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Voices

There are three ways of saying something:

a) "X is true."
b) "I've found that X is true."
c) "You'll find that X is true."

(a) presents X as the absolute, empirical truth, proven to be fact, allowing no variation for viewpoint or circumstance.

(b) presents X as subjective experience, taking responsibility only for the speaker's own viewpoint and leaving the listener to form their own opinions. It is perhaps the most ethical and honest way of saying something, but at the risk of having nobody listen because most people are used to more, ahem, strident presentations.

(c) places the speaker in a position of informed authority over the listener's learning process; it presumes to know not only that X is true, but that the listener does not currently believe X is true, and worst of all that the listener will eventually, inevitably, come to share the speaker's viewpoint. It is, unfortunately, the most persuasive voice to someone who has not fully made up their mind. It is also the most &!%&*^# annoying to someone who does have their own informed opinion, because it disregards that opinion as one stemming from ignorance or irrationality.

This problem crops up particularly in the Thelemic community, with its emphasis on individual sovereignty and interpretation. But even Thelemites are human, with the human bias that will be more likely to believe something if it is presented as fact, from a position of authority, or both. The result tends to be communities that are hyper-reactive to (a) or (c) when it differs from the community's general experience, but very prone to (a) or (c) themselves.

As time goes on, the more obvious it becomes to me that nobody has any idea what they're talking about. The only advantage I may have is that I *know* I have no idea what I'm talking about. Due to that knowledge, though, I have been unfortunately prone to trusting others' absolutist statements of "the way things are" (framed in (a) or (c) voices, usually), when really, I suppose, it should be the other way round.

The freely given advice is probably worth the least, because it's generally offered by people who believe they have all the answers.

Any meta-commentary on the voice(s) used in this post versus its content will be left as an exercise to the reader.


He who knoweth little, thinketh he knoweth much; but he who knoweth much has learned his own ignorance. Seest thou a man wise in his own conceit? There is more hope of a fool, than of him.
-Liber Librae

Comments

( 8 comments — Leave a comment )
inhumandecency
Dec. 13th, 2007 11:35 pm (UTC)
One thing I observe about #3 is that it doesn't just suggest that the listener investigate for themselves, it takes for granted that they will. I consider that a compliment. I agree that it's also arrogant and intrusive, and should probably be saved for situations where that might be useful (for example, if you really do think they should give something a try, and they're not responsive to altruistic advice, they might be willing to try it for the pleasure of taking you down a peg).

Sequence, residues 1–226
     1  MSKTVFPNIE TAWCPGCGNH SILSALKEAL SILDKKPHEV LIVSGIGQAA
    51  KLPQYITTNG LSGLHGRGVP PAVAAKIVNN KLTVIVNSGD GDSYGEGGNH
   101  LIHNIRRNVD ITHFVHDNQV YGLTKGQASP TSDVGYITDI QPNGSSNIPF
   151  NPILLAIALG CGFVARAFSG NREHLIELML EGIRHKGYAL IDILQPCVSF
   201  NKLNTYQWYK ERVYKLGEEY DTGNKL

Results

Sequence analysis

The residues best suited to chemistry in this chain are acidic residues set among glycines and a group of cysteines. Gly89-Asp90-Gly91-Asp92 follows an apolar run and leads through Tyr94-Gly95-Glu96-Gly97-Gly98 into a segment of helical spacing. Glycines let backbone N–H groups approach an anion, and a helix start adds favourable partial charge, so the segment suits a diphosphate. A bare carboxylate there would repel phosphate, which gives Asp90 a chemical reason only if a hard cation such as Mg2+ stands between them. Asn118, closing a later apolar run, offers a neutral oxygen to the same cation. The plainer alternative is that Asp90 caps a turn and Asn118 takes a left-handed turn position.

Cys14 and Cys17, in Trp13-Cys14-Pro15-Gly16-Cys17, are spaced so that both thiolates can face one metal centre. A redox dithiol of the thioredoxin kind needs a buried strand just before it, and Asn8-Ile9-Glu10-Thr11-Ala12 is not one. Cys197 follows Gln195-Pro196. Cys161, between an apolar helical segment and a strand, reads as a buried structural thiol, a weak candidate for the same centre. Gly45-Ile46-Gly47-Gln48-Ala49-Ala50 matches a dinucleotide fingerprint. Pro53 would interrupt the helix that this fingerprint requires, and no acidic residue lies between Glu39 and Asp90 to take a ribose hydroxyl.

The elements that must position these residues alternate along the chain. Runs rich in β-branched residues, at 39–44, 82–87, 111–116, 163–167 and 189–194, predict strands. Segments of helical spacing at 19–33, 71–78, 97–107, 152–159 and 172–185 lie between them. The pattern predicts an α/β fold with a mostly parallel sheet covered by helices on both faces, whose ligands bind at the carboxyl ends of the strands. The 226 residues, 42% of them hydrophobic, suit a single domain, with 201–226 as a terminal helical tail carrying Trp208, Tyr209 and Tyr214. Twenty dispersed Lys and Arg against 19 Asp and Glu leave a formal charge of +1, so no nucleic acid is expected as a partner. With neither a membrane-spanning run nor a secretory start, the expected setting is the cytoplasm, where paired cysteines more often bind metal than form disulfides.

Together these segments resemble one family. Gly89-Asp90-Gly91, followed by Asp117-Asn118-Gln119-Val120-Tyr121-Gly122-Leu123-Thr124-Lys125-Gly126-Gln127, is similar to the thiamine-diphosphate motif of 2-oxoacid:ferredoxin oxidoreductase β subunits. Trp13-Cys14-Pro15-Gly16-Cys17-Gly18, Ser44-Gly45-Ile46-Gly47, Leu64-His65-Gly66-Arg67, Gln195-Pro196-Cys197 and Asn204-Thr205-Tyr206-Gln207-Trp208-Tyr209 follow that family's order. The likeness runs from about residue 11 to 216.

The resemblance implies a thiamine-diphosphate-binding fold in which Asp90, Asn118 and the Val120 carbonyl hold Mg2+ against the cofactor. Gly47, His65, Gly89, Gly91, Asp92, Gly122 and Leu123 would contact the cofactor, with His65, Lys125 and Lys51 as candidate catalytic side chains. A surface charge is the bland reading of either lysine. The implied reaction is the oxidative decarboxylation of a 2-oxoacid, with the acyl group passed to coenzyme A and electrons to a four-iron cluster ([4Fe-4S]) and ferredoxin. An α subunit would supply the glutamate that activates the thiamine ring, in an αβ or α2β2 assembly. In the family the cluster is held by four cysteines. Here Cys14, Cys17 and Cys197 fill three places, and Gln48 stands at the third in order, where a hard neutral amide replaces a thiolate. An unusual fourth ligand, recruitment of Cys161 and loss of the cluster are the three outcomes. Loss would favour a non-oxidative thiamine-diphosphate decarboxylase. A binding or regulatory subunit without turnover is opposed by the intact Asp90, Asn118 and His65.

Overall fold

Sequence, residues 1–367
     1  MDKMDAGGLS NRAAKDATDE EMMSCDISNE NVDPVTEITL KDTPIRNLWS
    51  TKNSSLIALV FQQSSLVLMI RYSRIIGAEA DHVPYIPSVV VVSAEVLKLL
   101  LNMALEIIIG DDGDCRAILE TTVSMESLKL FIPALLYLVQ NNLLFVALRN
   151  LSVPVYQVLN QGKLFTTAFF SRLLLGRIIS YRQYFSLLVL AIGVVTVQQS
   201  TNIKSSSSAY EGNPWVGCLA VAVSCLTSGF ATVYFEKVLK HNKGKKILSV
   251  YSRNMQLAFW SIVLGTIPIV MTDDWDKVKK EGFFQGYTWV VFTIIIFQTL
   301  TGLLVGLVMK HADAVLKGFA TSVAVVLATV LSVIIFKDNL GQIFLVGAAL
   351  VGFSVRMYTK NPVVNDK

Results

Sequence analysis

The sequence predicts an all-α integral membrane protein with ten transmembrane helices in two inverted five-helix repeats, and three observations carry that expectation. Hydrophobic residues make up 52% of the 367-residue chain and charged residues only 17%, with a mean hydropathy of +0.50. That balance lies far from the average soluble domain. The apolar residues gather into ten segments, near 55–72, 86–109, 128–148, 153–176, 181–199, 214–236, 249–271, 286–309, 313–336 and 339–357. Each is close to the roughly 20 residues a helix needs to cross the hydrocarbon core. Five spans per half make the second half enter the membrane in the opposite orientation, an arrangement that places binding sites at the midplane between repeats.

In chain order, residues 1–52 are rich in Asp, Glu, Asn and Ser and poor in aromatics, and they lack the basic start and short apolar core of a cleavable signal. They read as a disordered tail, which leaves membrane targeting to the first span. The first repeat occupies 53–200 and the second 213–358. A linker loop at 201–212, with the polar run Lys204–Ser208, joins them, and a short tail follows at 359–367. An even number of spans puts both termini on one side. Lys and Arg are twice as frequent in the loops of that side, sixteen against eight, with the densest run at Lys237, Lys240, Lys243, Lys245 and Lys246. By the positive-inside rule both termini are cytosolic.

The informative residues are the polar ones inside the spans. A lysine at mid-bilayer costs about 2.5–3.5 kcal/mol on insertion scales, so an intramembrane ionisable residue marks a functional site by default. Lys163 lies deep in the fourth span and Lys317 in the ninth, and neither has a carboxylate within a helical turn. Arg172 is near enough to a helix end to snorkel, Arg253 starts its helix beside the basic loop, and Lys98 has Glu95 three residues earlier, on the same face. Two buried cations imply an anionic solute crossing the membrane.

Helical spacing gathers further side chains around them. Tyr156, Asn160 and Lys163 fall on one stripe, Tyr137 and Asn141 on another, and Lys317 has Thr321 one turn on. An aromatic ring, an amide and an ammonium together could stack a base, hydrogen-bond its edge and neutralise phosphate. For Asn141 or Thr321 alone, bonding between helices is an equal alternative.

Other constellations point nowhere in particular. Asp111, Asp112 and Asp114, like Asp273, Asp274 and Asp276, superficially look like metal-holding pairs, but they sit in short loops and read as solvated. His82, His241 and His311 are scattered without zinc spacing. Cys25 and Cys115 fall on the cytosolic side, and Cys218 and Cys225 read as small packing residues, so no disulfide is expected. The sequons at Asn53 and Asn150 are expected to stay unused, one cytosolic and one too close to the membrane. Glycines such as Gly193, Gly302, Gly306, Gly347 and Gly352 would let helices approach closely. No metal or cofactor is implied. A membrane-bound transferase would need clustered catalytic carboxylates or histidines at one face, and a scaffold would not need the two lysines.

These cautions apply much more weakly when you can be assumed to know the entire process they will use (e.g., "if you run through the calculations yourself, you'll see that our totals really are higher than your projections").
inhumandecency
Dec. 13th, 2007 11:38 pm (UTC)
What do you think of a fourth kind of assertion, where you just say x? Logically it's identical to saying "x is true," since it still presents x without any qualifications or acknowledgment of potential difference. But "true" is such a strong word that I feel like it indicates an attempt to add a lot of extra weight to your claim, while x by itself tacitly acknowledges room for human fallibility.
tzaddi_93
Dec. 14th, 2007 12:10 am (UTC)
I tend to think of C as only being appropriate in parent-child communication (and even then it can back fire.)

Edited at 2007-12-14 12:10 am (UTC)
thiebes
Dec. 14th, 2007 12:26 am (UTC)
Another way
"You've seen evidence X, Y, and Z. Now given this, what do you think about the veracity of Q?"
jnanacandra
Dec. 14th, 2007 02:00 am (UTC)
Re: Another way
This assumes that the listener/reader has seen the same evidence you have. Also, unless done very carefully, it can easily be seen as a leading question, and therefore not much less condescending than (c).
thiebes
Dec. 14th, 2007 02:30 am (UTC)
Re: Another way
This assumes that the listener/reader has seen the same evidence you have.

Right, and if they haven't, one should show them it.

Also, unless done very carefully, it can easily be seen as a leading question, and therefore not much less condescending than (c).

Well I think that is more a matter of tone than content, and I think that if the actual attitude is one of earnest inquiry, it's not too likely to be condescending.

Anyway the main point I was trying to make is that letting people come to their own conclusions while showing them the things that you looked at in coming to your own is another way of approaching these issues.
ignusfaatus
Dec. 14th, 2007 01:22 am (UTC)
you are one of the most grounded thelemited I know, in a commuity that really cracks my shit up.

oh wait

i have found in my experience that the thelemite commuity is hilarious, thank you for being refreshing.
jnanacandra
Dec. 14th, 2007 01:57 am (UTC)
grounded? hahahahaha
I mean, thank you

;)
( 8 comments — Leave a comment )

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